To solve this problem, built into the Bitcoin software is a setting that means over time the difficulty for mining Bitcoin increases making it harder to mine. Back in 2009 when Bitcoin was conceived it was easier to mine quantities of Bitcoin using a desktop computer with minimal processing power. These days a lot more power is required using Miners to mine less Bitcoin and just like how precious metals become scarce over time so too does Bitcoin.

Every four years Bitcoin has a mining difficulty adjustment called “the halving” where the difficulty automatically doubles therefore reducing the reward for each block. Creating scarcity in a market always increases the value of an item and historically after every “halving” the price per Bitcoin in monetary terms has increased. The next halving will be on May 21, 2020 so you may want to get involved before then so you don’t miss out on your mined Bitcoin potentially increasing in value.

How to Mine Bitcoin

There are three ways in which you can mine Bitcoin and deciding which method is best for you depends on your technical ability and budget. I am going to make the comparison of mining using a dedicated mining machine like the popular Bitmain AntMiner S9j which has 14.5 terahashes of power.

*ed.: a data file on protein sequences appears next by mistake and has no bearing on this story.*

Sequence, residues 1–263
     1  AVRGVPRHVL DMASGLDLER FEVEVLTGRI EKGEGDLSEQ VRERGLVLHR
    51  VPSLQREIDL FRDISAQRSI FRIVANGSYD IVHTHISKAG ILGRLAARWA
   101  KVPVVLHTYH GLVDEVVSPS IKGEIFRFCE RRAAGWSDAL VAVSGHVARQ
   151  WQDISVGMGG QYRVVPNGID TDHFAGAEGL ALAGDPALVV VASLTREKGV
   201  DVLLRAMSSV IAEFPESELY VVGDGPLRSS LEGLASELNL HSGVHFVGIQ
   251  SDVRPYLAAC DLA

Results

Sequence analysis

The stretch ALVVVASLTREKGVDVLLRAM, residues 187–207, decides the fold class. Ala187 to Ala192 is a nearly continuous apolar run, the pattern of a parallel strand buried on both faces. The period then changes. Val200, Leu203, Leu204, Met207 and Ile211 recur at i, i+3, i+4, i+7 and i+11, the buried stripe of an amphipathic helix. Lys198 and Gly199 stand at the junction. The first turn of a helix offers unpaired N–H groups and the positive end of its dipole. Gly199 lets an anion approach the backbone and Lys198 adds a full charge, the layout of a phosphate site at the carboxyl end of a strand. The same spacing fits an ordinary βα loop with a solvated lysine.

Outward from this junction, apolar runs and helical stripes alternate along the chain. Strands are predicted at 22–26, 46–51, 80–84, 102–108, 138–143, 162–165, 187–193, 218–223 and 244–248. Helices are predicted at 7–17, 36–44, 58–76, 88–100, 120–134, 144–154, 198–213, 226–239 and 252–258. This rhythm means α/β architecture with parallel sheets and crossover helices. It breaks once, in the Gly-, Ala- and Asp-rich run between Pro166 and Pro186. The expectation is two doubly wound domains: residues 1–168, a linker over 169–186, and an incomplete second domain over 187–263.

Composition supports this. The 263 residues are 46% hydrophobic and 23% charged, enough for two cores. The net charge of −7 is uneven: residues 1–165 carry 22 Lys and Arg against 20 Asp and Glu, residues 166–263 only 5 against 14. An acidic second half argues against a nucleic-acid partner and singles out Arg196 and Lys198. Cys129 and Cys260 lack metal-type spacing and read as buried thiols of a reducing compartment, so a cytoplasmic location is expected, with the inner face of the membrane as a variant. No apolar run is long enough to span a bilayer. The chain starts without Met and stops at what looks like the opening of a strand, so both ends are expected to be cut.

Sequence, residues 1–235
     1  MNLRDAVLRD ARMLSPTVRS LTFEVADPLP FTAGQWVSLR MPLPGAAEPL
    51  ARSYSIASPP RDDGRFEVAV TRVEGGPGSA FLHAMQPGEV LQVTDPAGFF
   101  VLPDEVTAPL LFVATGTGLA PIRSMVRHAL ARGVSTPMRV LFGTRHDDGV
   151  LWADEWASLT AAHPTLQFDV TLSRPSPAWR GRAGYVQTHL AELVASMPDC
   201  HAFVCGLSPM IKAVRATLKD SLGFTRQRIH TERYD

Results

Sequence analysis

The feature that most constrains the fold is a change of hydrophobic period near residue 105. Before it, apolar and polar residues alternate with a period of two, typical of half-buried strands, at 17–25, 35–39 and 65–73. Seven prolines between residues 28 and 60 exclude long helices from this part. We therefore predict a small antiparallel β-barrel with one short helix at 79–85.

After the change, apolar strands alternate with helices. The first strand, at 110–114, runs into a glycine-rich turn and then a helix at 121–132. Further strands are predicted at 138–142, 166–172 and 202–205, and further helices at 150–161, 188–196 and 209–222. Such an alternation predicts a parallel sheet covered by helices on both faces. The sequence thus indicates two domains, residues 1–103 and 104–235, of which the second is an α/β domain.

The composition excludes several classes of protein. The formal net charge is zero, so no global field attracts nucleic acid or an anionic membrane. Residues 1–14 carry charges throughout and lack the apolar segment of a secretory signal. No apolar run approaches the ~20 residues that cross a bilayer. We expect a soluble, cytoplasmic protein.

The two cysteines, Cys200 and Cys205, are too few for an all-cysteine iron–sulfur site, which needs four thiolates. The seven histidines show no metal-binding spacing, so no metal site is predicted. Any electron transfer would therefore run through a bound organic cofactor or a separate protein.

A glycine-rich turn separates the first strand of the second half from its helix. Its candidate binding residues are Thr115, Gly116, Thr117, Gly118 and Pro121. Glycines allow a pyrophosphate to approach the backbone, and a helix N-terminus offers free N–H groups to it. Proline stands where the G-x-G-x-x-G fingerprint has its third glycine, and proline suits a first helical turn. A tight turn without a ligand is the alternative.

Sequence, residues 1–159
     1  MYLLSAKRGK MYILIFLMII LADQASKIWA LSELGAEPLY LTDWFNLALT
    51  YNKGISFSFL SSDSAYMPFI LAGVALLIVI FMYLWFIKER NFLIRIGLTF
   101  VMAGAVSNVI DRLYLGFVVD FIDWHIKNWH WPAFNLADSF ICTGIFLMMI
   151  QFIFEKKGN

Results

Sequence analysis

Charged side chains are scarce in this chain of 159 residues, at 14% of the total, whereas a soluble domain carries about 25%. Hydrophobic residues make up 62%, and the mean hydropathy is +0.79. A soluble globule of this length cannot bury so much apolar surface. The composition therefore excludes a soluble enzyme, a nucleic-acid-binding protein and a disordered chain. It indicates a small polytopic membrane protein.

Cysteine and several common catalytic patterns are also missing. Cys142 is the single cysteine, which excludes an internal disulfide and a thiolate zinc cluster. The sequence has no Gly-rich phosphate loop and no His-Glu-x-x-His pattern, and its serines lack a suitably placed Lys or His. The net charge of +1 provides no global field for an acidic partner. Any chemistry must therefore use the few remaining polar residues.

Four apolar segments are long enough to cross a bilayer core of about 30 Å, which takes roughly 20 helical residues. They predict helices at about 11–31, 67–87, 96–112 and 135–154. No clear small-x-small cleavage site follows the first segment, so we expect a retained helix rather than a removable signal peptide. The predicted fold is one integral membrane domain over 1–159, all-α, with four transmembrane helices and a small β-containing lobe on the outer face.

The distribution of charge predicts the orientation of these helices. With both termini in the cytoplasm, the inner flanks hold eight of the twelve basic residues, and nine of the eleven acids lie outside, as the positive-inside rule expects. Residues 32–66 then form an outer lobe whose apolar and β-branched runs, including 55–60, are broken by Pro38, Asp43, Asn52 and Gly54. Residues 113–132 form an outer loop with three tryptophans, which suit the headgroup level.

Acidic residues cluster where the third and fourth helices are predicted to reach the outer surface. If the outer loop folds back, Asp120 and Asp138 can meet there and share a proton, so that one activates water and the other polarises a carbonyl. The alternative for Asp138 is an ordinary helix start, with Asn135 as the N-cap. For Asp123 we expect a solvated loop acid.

1. Home Mining

If you buy your own Bitmain AntMiner S9j you get a one year warranty meaning you may need to return it to Bitmain’s factory overseas or your local supplier if there are problems and wait for it to be repaired. The Miner has four replaceable parts which means you could be mining for many years. Setting up a Miner does require some technical expertise and an understanding of how to configure it properly.

A Miner needs to be running 24/7 to ensure it can be validating transactions all the time which means you need to have a cheap source of electricity and a cool environment.

Joining a mining pool is the only way to guarantee earning rewards as creating blocks on your own is impossible – once joined you will need to pay the pool anywhere between 1% and 3% in fees and the remainder is paid into your Bitcoin Wallet.